– Basilea Schlink
Don’t Look Back
When I was a youth playing baseball, I was told to never look back or to my side at the infielders who were fielding the ball to try to throw me out at first because it might take a split second or so off of my time, and that might be all it took to not reach first base in time. I never forgot that. Maybe that’s why Paul wrote that “one thing I do: forgetting what lies behind and straining forward to what lies ahead” (Phil 3:13). Now if Paul kept looking back, over his shoulder, he couldn’t see where he was going and might forget what was lying ahead. Jesus said, “No one who puts a hand to the plow and looks back is fit for service in the kingdom of God” (Luke 9:62).
Keep Pressing On
Paul understood the Christian life and wrote, “I press on toward the goal for the prize of the upward call of God in Christ Jesus” (Phil 3:14). Paul argued, “Do you not know that in a race all the runners run, but only one gets the prize? Run in such a way as to get the prize” (1 Cor 9:24)? Sometimes it seems like the whole world is pressing down upon us, but we must keep moving forward and pressing on, reaching outward and upward as to get the prize or take possession of our reward, which comes at the finish line of this life.
Give It All You Have
King Solomon wrote that “whatever your hand finds to do, do it with your might” (Eccl 9:10), which means “whatever you do, work at it with all your heart, as working for the Lord, not for human masters” (Col 3:23). Most of us must work for an employer, but the final authority is God, so really we work for God, as Paul said, and “not for human masters,” and we must give it everything we have and run each day’s race with all our might.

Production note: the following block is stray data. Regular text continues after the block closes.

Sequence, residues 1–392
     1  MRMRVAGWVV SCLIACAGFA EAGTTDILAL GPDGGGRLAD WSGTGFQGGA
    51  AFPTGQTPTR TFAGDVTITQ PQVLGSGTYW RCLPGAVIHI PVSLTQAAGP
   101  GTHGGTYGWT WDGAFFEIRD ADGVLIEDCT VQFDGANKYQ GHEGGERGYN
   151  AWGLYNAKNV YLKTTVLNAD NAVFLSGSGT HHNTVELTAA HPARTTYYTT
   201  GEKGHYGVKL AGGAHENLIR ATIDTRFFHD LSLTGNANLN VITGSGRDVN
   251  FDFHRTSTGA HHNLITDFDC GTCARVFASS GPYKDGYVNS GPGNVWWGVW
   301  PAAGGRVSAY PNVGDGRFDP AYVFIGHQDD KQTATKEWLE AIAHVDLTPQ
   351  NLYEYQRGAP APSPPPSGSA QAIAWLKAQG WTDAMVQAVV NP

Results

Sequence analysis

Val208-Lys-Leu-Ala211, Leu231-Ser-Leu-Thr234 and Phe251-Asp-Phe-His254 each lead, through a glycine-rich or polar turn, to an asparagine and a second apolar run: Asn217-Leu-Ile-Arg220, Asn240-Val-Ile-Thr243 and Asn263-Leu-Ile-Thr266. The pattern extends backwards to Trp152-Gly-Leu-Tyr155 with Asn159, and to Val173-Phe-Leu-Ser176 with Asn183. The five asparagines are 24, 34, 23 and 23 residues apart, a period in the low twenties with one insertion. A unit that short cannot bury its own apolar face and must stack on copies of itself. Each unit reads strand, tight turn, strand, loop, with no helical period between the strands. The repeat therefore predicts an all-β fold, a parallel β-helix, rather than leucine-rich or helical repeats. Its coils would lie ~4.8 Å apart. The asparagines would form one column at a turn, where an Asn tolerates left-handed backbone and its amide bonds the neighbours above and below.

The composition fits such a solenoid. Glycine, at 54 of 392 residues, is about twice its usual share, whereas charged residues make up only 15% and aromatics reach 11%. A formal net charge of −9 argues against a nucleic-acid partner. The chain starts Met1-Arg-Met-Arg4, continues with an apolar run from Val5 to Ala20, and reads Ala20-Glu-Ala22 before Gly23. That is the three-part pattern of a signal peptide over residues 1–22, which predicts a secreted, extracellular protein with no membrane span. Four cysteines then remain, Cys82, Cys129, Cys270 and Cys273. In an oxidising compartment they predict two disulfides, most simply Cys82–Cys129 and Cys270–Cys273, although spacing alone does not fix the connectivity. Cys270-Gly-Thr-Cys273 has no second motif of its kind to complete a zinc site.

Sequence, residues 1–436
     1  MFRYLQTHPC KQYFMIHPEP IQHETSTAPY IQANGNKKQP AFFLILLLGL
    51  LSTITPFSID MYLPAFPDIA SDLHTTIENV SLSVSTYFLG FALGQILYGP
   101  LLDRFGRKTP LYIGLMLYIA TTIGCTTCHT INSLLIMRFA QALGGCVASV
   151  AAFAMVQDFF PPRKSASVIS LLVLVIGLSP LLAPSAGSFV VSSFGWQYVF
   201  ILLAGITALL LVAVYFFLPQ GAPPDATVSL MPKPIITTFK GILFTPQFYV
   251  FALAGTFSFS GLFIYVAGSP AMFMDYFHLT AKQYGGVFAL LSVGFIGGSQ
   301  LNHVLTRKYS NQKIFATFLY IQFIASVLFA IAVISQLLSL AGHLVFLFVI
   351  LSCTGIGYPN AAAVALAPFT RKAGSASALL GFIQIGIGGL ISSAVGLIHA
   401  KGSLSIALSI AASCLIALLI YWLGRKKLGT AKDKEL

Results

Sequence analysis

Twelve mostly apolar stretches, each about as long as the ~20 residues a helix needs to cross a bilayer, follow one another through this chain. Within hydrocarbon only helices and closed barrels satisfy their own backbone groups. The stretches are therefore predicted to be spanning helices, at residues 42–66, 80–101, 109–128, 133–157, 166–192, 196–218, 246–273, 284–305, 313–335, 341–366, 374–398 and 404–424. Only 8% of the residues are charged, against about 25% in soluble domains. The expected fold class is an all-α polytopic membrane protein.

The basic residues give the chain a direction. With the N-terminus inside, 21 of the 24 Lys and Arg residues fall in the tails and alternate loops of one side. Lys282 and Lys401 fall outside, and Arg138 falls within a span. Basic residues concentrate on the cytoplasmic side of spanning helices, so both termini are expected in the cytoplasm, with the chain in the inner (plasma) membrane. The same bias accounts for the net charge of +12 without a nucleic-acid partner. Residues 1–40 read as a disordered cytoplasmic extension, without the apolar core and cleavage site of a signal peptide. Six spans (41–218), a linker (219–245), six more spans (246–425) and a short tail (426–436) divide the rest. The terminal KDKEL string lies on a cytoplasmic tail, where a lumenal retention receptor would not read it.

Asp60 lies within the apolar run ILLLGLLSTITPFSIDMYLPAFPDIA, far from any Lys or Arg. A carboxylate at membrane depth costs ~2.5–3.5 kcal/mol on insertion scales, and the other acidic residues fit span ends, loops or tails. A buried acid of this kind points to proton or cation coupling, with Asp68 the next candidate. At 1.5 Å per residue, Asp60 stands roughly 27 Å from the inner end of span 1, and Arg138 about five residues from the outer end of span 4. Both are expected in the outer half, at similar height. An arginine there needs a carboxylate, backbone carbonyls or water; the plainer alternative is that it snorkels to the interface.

Which Is the Real Tragedy?
I heard of a couple who retired at the relatively young age of 55, and then there was a young couple who had been sent by their church to South Africa on a missionary trip for the third time. The older couple spent their life collecting seashells and playing miniature golf, but the young couple was killed while taking the gospel to a remote area in the Amazon jungle. Which was the real tragedy? It was the couple who spent their retirement and enjoyed their life in luxury and pleasure, not the young couple who died on the way to preach the gospel. On the day of Jesus’ return, when we all stand before the Lord, the older couple can say, “Lord, look at all the beautiful seashells we collected over these 25 years,” but the young couple will say, “Lord, we weren’t able to finish our third trip to preach the gospel, but we were on the way.” There’s nothing wrong with living a retired life, although the Bible never says that’s our goal. But the young couple crossed the finish line with a greater purpose than the older couple, and their reward will be worth a lot more than seashells. They kept running each day with all their might.
The Races to the Swift, Not the Slothful
Slothfulness is a sin, but if you “commit your way to the LORD, Trust also in Him, and He will do it” (Psalm 37:5), whatever it is you’re doing. Paul wrote, “Whatever you do, work heartily, as for the Lord and not for men, knowing that from the Lord you will receive the inheritance as your reward. You are serving the Lord Christ” (Col 3:23), because “if anyone is not willing to work, let him not eat” (2 Thess 3:10b).
It is so easy to grow tired and not persevere, but if we keep our eye on the goal of the kingdom and doing the work of the kingdom, our rewards will be given according to what we’ve done, and God “will render to each one according to his works” (Rom 2:6), either good or bad.